Tag Archives: life

Morning

Expectations dashed,
morning arises just the same.

We skirt the space from last night
and busy ourselves
in living —

I understand
the rain should taper off today.

There are difficult moments in much of what I write, but I have been reluctant to post something that doesn’t somehow tie up neatly. Not all moments do.

Shiny Rocks

I’ve gained nothing
from the practice,
instead losing some
of what I used to have.

What I looked for isn’t here.

Still fearful,
bitter at separation —

but, too,
softened against the day
and quicker to tears.

My daughter’s pockets
are filled with shiny rocks,
just like mine.
 

Antique Doors

I salvaged a set of antique doors
that were piled in a yard
close by the ocean
with other detritus
from a torn-down house.

Hoping the owner would let me take them,
I talked with him
and listened to his stories
about who had passed through them,
what rooms they had separated.

It isn’t easy to find ones just so,
with the hardware still intact.

Perhaps if I hold on to them,
I thought,
and shape them here or there,
they’ll fill up gaps —
shut out the draft from the
old ice-box pantry,
dampen the kitchen noise that drifts
so easily up the stairs
when our children are sleeping.

But I wonder
if I will have time to use them,
or if someday
someone will come
and collect them from me.
 
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Big Trucks



My daughter went to see the nurse at school yesterday, not feeling well, and she came home early. I wish I could have been there for her. Not because she needed me – her mother was there for her – but because it was a moment that I missed. I would have loved that hug.

Even though my wife teases me that I wouldn’t be able to manage all the day-to-day muck work that she does – and I think she’s right – I’m jealous of what she gets to witness. I would love to be there for the game of crazy eights with our five year old after his older siblings have gone off to school, for the trip to the library after school to see all three of them pore over books, for the trips to the pediatrician to watch them have their reflexes tested.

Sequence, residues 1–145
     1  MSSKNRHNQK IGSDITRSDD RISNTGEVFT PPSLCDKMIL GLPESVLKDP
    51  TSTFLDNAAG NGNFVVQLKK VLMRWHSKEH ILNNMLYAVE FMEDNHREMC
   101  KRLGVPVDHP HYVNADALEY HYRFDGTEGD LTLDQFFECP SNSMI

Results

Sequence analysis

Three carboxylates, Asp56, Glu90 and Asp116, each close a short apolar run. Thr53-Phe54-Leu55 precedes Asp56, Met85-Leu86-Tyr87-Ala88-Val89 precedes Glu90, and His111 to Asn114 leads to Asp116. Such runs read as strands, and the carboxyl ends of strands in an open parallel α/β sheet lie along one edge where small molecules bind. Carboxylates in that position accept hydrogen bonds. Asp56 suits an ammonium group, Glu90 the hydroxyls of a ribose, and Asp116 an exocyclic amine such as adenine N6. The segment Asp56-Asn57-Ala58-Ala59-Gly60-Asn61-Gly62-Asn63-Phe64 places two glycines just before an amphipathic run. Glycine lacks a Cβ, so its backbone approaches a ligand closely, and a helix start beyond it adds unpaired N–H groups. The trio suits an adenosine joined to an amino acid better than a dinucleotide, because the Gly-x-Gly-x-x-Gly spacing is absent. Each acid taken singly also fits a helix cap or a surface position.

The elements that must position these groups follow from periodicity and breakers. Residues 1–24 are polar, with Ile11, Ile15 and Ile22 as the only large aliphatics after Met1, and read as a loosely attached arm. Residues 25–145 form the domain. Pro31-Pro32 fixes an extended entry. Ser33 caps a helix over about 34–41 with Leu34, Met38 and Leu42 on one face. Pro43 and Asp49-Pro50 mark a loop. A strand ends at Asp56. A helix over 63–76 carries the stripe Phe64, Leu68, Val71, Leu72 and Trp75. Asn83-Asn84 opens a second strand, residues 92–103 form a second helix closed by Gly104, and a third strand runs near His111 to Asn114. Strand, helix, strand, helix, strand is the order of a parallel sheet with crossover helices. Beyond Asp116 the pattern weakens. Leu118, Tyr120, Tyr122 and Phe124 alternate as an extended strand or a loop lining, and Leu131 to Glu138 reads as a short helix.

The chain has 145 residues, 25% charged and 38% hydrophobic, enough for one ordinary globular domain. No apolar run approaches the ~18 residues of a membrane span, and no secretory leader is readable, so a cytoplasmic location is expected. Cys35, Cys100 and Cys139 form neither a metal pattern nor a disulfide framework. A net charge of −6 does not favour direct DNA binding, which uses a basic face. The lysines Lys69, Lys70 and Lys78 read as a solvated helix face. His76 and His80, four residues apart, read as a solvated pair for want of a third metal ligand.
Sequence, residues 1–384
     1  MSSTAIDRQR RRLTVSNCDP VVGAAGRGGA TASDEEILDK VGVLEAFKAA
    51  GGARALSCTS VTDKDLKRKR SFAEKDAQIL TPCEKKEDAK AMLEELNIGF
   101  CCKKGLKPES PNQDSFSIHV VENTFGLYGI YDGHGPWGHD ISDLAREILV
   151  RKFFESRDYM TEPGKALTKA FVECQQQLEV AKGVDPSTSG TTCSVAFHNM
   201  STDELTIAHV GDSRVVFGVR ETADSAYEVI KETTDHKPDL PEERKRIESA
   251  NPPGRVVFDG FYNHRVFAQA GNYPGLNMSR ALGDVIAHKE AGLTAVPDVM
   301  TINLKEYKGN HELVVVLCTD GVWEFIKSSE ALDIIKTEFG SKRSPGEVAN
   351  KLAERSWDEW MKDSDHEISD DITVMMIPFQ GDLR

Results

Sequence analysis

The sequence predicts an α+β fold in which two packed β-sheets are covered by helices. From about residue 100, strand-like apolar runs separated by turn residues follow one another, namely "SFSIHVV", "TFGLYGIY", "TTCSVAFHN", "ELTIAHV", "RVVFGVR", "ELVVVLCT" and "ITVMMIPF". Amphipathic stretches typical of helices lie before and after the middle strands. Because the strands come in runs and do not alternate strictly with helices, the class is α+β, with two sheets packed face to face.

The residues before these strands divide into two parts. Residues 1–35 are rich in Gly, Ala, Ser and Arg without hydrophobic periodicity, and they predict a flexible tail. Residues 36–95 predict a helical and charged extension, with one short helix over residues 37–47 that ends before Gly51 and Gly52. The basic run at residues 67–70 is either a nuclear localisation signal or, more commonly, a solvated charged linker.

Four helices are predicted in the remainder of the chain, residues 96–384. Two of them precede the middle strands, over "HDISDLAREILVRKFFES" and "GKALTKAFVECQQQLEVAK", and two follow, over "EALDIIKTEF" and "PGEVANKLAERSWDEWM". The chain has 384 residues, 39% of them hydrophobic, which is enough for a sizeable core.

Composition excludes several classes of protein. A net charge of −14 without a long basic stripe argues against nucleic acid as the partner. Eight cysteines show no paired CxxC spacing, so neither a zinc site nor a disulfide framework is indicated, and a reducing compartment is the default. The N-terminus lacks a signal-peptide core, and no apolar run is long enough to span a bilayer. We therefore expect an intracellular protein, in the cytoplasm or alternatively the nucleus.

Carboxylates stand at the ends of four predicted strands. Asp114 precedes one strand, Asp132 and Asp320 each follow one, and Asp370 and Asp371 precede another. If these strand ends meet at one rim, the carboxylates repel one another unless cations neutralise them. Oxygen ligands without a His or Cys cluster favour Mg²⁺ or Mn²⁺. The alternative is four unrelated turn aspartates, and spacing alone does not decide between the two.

Monday morning, a holiday, I took the boys to Home Depot to buy concrete for a basement project. I bought new filter masks for them so they could help without filling their lungs with fine portland cement, and we came home and poured concrete. They poured the water and acrylic fortifier, talking eagerly about which one they liked best. Look at the concrete dust, they said, fully aware, fully present. Meanwhile, not wanting the concrete to set, I spoke too quickly to them as I moved in the tight spaces.

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Copper Pots

For a few years in my early twenties, my father gave me a piece of copper cookware every once in a while. Cooking was one of the ways we managed to connect, and the pieces were beautiful. And they were substantial. Weighty. As long as I took good care of them, they would last forever. I imagined I was building a permanent collection. I was building my life.

Over time, copper develops spots, and if you scrub it with regular soap and a sponge, it scratches quite easily. Instead, you have to use special cleaners and stay diligent about keeping up with them. My wife and I have occasionally fallen behind in this task, especially when we run out of the cleaner, which never rises quickly back to the top of the shopping list. After only a use or two, the pots begin to turn a mottled, and then even dingy, brown and stop reflecting the light of the room.